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1.
Figure 3

Figure 3. From: Alterations in Hepatic Glucose and Energy Metabolism as a Result of Calorie and Carbohydrate Restriction.

Relationship Between PEPCK Flux and TCA Cycle Flux.

Jeffrey D. Browning, et al. Hepatology. ;48(5):1487-1496.
2.
Figure 1

Figure 1. From: Alterations in Hepatic Glucose and Energy Metabolism as a Result of Calorie and Carbohydrate Restriction.

2H-NMR Analysis of the Incorporation of Deuterium Oxide into Glucose. Protons derived from water are incorporated into glucose at three distinct steps of its production. After enrichment of total body water by oral ingestion of deuterium oxide (2H2O), deuterons are incorporated into glucose via the same mechanism. All glucose produced, whether from gluconeogenesis or from glycogenolysis, becomes enriched at carbon 2 of glucose (H2). All glucose derived from gluconeogenesis becomes enriched at carbon 5 of glucose (H5) while only gluconeogenesis occurring from precursors originating in the TCA cycle (PEP) becomes enriched at carbon 6s of glucose (H6s). The relative enrichment of deuterium at each of the carbon positions of glucose, after conversion to its monoacetone derivative, is easily discerned by computing the peak areas obtained by 2H-NMR spectroscopy. The ratio of H5/H2 gives the proportion of glucose that is derived from gluconeogenesis while (H5-H6s)/H2 gives the proportion of glucose derived from PEP. The H5/H2 ratio of the two depicted spectra are quite different: the low-calorie spectra indicates that gluconeogenesis accounts for ∼50% of glucose production while the low-carbohydrate spectra indicates that ∼80% of glucose is derived from gluconeogenesis.

Jeffrey D. Browning, et al. Hepatology. ;48(5):1487-1496.
3.
Figure 2

Figure 2. From: Alterations in Hepatic Glucose and Energy Metabolism as a Result of Calorie and Carbohydrate Restriction.

13C-NMR Analysis of the Incorporation of [U-13C]propionate into Glucose. After ingestion, propionate is avidly taken up by liver and enters the TCA cycle as [1,2,3-13]succinyl-CoA. Within the TCA cycle, this labeled intermediate can have one of three fates: 1) exit the TCA cycle as phosphoenolpyruvate (PEP) immediately upon conversion to oxaloacetate (OAA) via the action of phosphoenolpyruvate carboxykinase (PEPCK), ultimately leading to the formation of [1,2,3-13C]glucose and [1,2-13C]glucose in a 1:1 proportion; 2) proceed through a complete turn of the TCA cycle, passing through citrate synthase, and exiting the cycle as PEP, ultimately yielding [2-13C]glucose and [2,3-13C]glucose; and 3) exit the TCA cycle as PEP with subsequent conversion from PEP to pyruvate to OAA and back to PEP (so-called pyruvate cycling), ultimately leading to the formation of [1,2,3-13C]glucose and [1,2-13C]glucose in a 1:3 proportion. By examining the C2 of glucose using 13C-NMR after conversion to its monoacetone derivative, each of these glucose isotopomers is readily apparent: [1,2,3-13C]glucose is denoted in the spectrum by the quartet (Q); [2,3-13C]glucose is represented by the doublet D23; [1,2-13C]glucose is represented by the doublet D12; and [2-13C]glucose is represented by the singlet peak in the center of the C2 spectrum (not labeled). The areas under each of these peaks provides the information necessary to calculate PEPCK flux, pyruvate cycling, and the rate of production GNGPEP relative to citrate synthase flux. These pathways and the isotopomers they produced can also be described by a full set of analytical equations (24).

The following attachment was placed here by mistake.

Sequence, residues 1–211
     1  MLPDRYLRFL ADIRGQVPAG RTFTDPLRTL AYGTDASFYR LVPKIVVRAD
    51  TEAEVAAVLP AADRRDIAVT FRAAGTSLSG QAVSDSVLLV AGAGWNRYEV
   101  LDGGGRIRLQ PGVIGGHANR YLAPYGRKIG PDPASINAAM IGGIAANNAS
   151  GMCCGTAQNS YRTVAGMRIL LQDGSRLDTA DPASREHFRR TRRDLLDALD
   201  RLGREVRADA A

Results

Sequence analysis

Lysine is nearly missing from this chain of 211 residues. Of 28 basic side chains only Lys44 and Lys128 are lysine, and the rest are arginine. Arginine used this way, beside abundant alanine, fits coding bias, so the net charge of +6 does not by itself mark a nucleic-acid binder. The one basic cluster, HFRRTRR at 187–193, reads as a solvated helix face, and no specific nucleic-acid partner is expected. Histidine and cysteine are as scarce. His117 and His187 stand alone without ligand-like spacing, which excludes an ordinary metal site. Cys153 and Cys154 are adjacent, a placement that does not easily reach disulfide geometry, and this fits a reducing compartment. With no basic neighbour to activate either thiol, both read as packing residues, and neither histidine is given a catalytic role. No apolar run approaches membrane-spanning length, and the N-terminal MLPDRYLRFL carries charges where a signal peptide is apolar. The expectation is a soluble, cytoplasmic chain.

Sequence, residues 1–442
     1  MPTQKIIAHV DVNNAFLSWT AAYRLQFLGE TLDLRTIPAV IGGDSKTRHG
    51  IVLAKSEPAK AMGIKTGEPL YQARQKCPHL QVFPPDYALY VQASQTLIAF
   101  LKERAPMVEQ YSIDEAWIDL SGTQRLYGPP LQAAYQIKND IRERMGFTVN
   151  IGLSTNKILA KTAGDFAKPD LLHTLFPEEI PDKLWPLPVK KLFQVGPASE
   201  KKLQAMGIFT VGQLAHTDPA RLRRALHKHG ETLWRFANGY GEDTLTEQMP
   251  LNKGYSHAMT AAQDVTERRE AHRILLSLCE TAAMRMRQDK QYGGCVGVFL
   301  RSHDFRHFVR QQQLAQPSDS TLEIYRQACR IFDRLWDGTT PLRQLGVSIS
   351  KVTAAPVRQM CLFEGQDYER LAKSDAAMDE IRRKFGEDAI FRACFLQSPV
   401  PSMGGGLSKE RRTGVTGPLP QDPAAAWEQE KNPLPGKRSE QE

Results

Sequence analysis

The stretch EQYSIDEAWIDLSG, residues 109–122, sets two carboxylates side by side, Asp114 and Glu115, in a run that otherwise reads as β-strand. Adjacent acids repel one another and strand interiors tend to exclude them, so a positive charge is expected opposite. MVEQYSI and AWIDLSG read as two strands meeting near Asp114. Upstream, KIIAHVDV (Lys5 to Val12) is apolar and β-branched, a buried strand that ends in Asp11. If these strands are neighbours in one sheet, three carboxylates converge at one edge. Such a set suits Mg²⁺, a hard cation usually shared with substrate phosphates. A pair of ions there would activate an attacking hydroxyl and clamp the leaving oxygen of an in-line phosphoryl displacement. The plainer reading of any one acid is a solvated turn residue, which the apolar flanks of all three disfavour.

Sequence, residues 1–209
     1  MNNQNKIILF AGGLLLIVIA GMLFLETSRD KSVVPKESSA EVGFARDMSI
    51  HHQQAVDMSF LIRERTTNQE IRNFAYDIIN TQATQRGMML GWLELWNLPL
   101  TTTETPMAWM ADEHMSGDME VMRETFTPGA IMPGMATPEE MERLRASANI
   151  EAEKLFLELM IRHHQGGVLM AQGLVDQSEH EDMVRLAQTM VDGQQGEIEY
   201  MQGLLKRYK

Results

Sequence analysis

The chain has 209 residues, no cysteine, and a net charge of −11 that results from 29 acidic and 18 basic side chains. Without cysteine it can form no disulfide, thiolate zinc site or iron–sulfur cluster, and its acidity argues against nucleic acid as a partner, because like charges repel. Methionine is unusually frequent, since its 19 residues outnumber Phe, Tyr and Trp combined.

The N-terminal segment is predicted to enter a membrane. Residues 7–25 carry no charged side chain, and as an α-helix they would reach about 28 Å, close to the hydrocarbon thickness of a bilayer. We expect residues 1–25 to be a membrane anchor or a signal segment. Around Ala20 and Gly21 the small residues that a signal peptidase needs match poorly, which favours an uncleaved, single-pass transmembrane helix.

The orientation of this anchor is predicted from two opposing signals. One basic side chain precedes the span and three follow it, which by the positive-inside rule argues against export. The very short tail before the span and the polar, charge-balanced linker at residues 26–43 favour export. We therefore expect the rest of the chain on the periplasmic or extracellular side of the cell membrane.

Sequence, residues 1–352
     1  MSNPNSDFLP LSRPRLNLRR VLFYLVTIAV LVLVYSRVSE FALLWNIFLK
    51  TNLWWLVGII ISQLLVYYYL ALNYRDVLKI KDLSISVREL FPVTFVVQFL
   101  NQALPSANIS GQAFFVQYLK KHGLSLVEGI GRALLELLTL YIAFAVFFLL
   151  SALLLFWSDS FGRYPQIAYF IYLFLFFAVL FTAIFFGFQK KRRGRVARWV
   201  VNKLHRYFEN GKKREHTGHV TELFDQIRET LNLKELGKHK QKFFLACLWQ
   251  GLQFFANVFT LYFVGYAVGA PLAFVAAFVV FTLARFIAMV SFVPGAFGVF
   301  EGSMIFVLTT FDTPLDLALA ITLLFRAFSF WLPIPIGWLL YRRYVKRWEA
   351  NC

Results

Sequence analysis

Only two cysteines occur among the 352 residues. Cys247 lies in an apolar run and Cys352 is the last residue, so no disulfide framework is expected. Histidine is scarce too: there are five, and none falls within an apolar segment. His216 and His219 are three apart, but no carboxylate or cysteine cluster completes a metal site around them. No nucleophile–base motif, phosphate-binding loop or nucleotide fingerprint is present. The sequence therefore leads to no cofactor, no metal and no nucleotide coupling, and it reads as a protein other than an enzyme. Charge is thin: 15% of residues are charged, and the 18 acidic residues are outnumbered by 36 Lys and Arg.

Jeffrey D. Browning, et al. Hepatology. ;48(5):1487-1496.

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